The Cut

Times:

  • 3:00 pm
  • Saturday, November 14, 2015

Where:

  • The Tower Theatre
    815 E Olive Ave.
    Fresno, CA 93728

Synopsis

A historical epic seven years in the making, “The Cut” concludes acclaimed filmmaker Fatih Akin’s trilogy on love, death, and the devil — preceded by 2004’s “Head-On” and 2007’s “The Edge of Heaven.” The drama tells the story of Nazaret, a young blacksmith from Mardin, Turkey, after he miraculously survives the 1915 Armenian genocide. Years later, still reeling from the horrors of the genocide, Nazaret learns his twin daughters are alive and he begins an epic odyssey — from the Mesopotamian deserts, across the Atlantic to Havana, and to the desolate prairies of North Dakota — to try and reunite with them. On his journey, he meets an array of people, from merciful and angelic beings to the devil incarnate. Co-written by Akin, a Turkish German, with screenwriter Mardik Martin, an Armenian American. Starring Tahar Rahim. In Armenian, Arabic, Turkish, Kurdish, Spanish, and English, with English subtitles.

Director: Fatih Akin
Germany / France / Poland / Italy / Canada / Turkey (2014)
138 minutes, Not Rated
Distributor: Strand Releasing

Screening Sponsor
Armenian Studies Program — Fresno State

Filmmaker Q&A
After the screening, join visiting screenwriter Mardik Martin to talk about the movie. Martin immigrated to the United States from Iraq in the 1950s and attended New York University, where he later met and soon became friends with fellow student and now iconic director Martin Scorsese. Martin graduated with a Master’s degree and then went on to teach screenwriting at NYU from 1968 to 1973. In the years following, he wrote and co-wrote screenplays that led to some of the most distinguished American films of the 20th Century: Scorsese’s “Mean Streets,” “New York, New York” and the Oscar-winner “Raging Bull.” Martin teaches as a Senior Lecturer at the renowned USC film school and came out of semi-retirement to collaborate with Turkish director Fatih Akin on “The Cut.”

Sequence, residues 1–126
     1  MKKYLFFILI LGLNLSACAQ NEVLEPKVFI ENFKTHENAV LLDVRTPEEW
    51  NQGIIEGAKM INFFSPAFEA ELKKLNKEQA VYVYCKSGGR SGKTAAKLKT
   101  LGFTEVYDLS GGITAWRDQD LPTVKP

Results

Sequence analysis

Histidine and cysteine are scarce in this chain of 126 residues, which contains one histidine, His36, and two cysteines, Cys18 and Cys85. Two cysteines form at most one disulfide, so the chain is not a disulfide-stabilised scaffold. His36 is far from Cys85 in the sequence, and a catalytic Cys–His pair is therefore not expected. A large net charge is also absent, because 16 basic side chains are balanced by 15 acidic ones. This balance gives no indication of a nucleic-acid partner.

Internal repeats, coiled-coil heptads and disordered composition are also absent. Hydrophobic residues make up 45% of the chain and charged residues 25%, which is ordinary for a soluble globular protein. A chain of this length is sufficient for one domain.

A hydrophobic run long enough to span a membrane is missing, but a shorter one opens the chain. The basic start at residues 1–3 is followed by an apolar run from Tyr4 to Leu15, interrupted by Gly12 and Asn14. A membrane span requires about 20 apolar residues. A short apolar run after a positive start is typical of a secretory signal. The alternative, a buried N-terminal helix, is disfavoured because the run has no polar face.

Additional support for this special filmmaker appearance comes from: Dr. Lillian Faderman & Dr. Phyllis Irwin, and Paul E. Pierce & Patience Milrod.

Reviews

"'The Cut' can mean the brutal act of murder itself; it can mean the division of husbands from wives, parents from children; and it can mean the present from the past, the insidious amputation of memory. … It is a forceful, watchable, strongly presented picture and a courageous, honest gesture from Fatih Akin." — Peter Bradshaw, The Guardian
"...the decision to make the principle character mute is itself a brilliant maneuver that acknowledges the century of silence on the genocide in Turkey, the country where Akin's parents were born. The sequence — starting with an attempt to coerce Armenians into converting to Islam and around the genocide — is some of the strongest that the director has ever shot." — Kaleem Aftab, Indiewire
"'The Cut' can mean the brutal act of murder itself; it can mean the division of husbands from wives, parents from children; and it can mean the present from the past, the insidious amputation of memory. … It is a forceful, watchable, strongly presented picture and a courageous, honest gesture from Fatih Akin." — Peter Bradshaw, The Guardian
"...the decision to make the principle character mute is itself a brilliant maneuver that acknowledges the century of silence on the genocide in Turkey, the country where Akin's parents were born. The sequence — starting with an attempt to coerce Armenians into converting to Islam and around the genocide — is some of the strongest that the director has ever shot." — Kaleem Aftab, Indiewire

Every second Friday of the month, Fresno Filmworks screens first-run independent and international movies at the historic Tower Theatre.